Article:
The waste and health problem under New Yorkers' feet
Toxic carpets deter recycling, but lawmakers can fix that
Much of the carpet today is made of petroleum-based plastics and other synthetics (dyes, adhesives and stain protectants), which can contain an extraordinary range of chemicals. The Changing Markets Foundation analyzed12 samples from the nation's six largest carpet manufacturers and found that all had at least one toxic chemical and many contained two or more. Some, such as PFAS and phthalates, present a range of serious health risks, including reproductive disorders and even cancer.
The toxic makeup of carpets compounds the solid-waste crisis. Though exacerbated by China's recent refusal to accept American plastic waste, it is a result of our "throw it away" culture.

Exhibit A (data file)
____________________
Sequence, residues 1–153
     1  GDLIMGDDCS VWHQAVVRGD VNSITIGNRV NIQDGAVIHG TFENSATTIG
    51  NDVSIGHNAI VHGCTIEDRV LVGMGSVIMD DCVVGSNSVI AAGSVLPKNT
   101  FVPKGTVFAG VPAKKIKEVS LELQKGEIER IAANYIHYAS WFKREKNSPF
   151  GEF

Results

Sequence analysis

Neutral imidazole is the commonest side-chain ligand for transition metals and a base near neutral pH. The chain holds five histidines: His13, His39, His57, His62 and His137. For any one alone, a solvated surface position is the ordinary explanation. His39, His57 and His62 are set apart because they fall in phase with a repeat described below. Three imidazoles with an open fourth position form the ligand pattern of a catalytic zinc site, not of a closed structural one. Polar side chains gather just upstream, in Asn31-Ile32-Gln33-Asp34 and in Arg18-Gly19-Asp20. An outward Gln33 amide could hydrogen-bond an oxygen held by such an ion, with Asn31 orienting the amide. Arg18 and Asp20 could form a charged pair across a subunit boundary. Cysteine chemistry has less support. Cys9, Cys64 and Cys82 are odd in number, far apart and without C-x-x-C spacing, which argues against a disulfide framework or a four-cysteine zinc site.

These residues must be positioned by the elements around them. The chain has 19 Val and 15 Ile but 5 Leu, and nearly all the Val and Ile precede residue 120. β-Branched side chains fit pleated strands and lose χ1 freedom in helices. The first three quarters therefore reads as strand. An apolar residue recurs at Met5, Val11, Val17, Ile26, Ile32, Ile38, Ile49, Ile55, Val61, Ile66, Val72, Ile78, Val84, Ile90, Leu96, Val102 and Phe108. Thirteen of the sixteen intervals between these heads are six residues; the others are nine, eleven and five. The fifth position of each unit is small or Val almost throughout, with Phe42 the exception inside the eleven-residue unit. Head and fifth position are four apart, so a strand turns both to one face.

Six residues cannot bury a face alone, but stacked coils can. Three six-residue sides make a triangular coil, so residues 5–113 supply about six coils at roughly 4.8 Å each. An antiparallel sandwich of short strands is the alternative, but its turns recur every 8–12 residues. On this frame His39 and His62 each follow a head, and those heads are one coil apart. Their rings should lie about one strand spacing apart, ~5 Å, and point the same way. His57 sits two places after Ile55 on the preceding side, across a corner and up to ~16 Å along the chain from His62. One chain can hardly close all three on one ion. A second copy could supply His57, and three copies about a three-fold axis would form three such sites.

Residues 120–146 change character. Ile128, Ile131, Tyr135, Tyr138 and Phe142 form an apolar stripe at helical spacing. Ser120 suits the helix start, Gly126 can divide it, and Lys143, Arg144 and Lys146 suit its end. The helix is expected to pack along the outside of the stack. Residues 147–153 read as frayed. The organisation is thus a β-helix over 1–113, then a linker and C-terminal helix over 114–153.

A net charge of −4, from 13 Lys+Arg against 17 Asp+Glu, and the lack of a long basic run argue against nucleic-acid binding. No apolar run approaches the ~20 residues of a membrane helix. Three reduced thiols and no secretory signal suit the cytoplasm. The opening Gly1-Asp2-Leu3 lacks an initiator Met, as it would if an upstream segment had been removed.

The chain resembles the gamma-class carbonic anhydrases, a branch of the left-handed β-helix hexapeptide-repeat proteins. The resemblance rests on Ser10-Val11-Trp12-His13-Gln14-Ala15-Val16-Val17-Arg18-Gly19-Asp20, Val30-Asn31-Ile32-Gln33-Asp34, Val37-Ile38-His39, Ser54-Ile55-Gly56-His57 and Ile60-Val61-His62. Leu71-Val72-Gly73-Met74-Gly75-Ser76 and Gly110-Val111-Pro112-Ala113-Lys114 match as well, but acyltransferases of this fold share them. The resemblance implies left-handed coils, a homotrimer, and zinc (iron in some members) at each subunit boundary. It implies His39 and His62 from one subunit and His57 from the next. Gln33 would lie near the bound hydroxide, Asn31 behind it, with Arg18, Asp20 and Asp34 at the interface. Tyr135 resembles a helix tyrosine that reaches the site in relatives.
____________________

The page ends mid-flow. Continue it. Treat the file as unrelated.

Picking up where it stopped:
New research by Eunomia Research & Consulting details options to dramatically improve carpet recycling and reuse rates using this system. These include incentivizing the use of products that are more easily reusable and recyclable and toxic-free, as well as shifting the cost burden of disposal and recycling from taxpayers and municipalities to producers.
New York has a history and a head start with extended producer responsibility plans. Last year a law was passed that requires drug manufacturers to operate a take-back program to accept and dispose of covered medications. Now state Sen. Brian Kavanagh has introduced legislation that would require carpet manufacturers to coordinate with wholesalers, retailers and installers to recycle old carpet.
Beyond pharmaceuticals and carpets, producer responsibility systems could be used with a variety of consumer goods—paint, tires and electronics, to name a few. By embracing this philosophy, New York could become a worldwide leader in tackling our growing waste problem.